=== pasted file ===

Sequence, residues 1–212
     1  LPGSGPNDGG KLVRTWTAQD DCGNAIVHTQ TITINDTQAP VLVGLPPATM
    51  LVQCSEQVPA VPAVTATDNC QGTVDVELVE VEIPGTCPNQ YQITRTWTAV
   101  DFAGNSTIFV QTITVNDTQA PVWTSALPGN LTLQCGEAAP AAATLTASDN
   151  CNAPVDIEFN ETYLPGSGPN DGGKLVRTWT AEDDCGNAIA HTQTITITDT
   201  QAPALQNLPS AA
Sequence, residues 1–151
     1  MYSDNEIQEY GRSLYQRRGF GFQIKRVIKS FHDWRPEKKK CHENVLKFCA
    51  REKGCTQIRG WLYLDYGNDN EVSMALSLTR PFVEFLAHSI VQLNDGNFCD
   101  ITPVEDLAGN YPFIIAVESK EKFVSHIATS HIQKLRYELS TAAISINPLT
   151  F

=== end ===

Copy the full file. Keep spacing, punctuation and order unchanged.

Sequence, residues 1–212
     1  LPGSGPNDGG KLVRTWTAQD DCGNAIVHTQ TITINDTQAP VLVGLPPATM
    51  LVQCSEQVPA VPAVTATDNC QGTVDVELVE VEIPGTCPNQ YQITRTWTAV
   101  DFAGNSTIFV QTITVNDTQA PVWTSALPGN LTLQCGEAAP AAATLTASDN
   151  CNAPVDIEFN ETYLPGSGPN DGGKLVRTWT AEDDCGNAIA HTQTITITDT
   201  QAPALQNLPS AA
Sequence, residues 1–151
     1  MYSDNEIQEY GRSLYQRRGF GFQIKRVIKS FHDWRPEKKK CHENVLKFCA
    51  REKGCTQIRG WLYLDYGNDN EVSMALSLTR PFVEFLAHSI VQLNDGNFCD
   101  ITPVEDLAGN YPFIIAVESK EKFVSHIATS HIQKLRYELS TAAISINPLT
   151  F